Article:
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Posts Tagged ‘J.K. Rowling’

Mapping the World of the Sorcerer’s Apprentice: An Unauthorized Exploration of the Harry Potter Series (image via amazon.com)

Edited by Mercedes Lackey
Started: January 13
Finished: September 11

Mapping the World of the Sorcerer’s Apprentice made me feel like I was back in college, reading academic papers for my Communications classes. And you know what? That’s completely OK because that’s what this book is supposed to be: a bunch of academics and science fiction & fantasy writers  waxing intellectual  and critiquing the biggest literary and movie phenomenon during my lifetime.

It’s a hodge-podge of essays, covering everything from J.K. Rowling‘s purposeful painting of wizard society as completely secular and without any notion of religion, to a very specific fan fiction fandom focuses on Severus Snape erotica (yeah, that one was pretty weird). Those two essays stuck out the most, and keep in mind I did read this over the course of about eight months. I won’t lie and say every single piece in this anthology is thought-provoking and worthwhile–I did have to really trudge through a couple of essays, taking a break of a few days or even a few months–but if you’re yearning for some more about the boy wizard, Mapping is worth a read.

 

 

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  1. Each book must be read in it’s entirety to count towards the final total. Only made it halfway through? Doesn’t count towards the total!
  2. The book must be both started and finished in the calendar year.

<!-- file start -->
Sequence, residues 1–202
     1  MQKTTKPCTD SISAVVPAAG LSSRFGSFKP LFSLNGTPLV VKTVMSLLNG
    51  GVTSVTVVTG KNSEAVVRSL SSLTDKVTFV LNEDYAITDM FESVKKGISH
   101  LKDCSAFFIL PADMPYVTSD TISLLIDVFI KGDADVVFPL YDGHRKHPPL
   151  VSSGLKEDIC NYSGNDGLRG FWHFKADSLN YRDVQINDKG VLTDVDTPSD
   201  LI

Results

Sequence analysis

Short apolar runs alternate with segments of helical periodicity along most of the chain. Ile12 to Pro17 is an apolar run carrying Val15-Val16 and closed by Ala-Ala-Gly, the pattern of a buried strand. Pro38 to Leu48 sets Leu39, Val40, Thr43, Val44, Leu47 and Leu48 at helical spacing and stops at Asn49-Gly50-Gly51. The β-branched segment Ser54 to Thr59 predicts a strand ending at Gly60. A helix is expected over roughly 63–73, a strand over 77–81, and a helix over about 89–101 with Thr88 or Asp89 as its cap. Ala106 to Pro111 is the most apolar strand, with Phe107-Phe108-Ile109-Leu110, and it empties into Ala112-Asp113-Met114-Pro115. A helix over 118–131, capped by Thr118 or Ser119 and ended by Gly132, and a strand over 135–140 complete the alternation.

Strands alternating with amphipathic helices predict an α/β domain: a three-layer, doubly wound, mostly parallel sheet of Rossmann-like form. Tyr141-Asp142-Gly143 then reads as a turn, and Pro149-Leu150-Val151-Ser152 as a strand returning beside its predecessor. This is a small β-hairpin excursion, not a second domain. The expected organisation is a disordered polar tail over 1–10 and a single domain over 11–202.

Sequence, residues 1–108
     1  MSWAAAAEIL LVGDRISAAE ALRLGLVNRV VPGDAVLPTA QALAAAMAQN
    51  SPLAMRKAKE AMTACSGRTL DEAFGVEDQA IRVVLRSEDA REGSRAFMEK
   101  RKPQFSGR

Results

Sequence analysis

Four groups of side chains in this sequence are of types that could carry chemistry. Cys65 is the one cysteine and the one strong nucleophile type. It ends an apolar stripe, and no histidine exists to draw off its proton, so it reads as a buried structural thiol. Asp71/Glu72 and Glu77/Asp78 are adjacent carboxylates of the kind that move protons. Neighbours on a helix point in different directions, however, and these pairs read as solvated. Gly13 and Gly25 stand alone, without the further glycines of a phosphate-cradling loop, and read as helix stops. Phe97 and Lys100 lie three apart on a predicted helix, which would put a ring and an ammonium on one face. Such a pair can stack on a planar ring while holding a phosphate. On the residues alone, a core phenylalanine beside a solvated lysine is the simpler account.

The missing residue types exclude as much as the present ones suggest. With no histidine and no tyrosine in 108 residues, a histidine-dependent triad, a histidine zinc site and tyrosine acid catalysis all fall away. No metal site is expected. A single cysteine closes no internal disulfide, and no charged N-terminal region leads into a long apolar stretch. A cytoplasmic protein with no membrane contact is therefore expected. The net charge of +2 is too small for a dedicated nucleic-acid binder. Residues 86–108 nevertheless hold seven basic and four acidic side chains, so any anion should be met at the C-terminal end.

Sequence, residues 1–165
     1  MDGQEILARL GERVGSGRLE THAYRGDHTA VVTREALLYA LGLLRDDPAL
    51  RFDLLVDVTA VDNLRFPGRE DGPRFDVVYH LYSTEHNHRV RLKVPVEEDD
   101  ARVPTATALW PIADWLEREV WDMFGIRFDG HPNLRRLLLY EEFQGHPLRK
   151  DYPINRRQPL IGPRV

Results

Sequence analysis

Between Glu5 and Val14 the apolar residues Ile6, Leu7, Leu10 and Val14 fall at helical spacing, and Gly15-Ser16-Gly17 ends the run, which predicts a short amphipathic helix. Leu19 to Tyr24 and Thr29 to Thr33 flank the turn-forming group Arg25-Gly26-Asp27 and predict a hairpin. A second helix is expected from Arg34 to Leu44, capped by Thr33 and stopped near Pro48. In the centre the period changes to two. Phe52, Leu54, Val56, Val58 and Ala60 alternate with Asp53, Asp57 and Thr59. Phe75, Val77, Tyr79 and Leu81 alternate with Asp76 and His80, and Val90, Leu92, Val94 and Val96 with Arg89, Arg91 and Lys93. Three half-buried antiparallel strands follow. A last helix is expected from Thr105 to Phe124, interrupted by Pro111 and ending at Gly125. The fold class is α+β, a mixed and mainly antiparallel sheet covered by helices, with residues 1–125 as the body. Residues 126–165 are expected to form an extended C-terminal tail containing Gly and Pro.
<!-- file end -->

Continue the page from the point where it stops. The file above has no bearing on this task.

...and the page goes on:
3. In be considered a “success”, the reader (that’s me!) must read the same number of books at the age she will turn in that calendar year.
  4. To count towards the total, the book must be blogged. Even if it’s just a picture of the cover with  “This book is about bananas. I don’t like bananas. Therefore, I don’t like this book.”
  5. NO HARRY POTTER! At least not the original 7 books by J.K. Rowling. More on why later.
  6. To count towards the final total, each book must be new to the reader. The only exception to this rule will be for adult books read before sophomore year of high school.
  7. The book must be made up of chapters, parts, or several short stories, collected together. IE: reading one Edgar Allen Poe short story does not count towards the total, but reading an anthology does.
  8. The book must be a new book, not a book I’ve already read. No exceptions. *
  9. Rules are subject to change…..because I don’t like following “rules.”

*Exception granted for books I read in high school or early in college that may benefit me more now. Example: “The Great Gatsby”. I absolutely hated that book in high school, but a classmate pointed out she re-read the novel after college and had a much deeper understanding and respect for the book.

 

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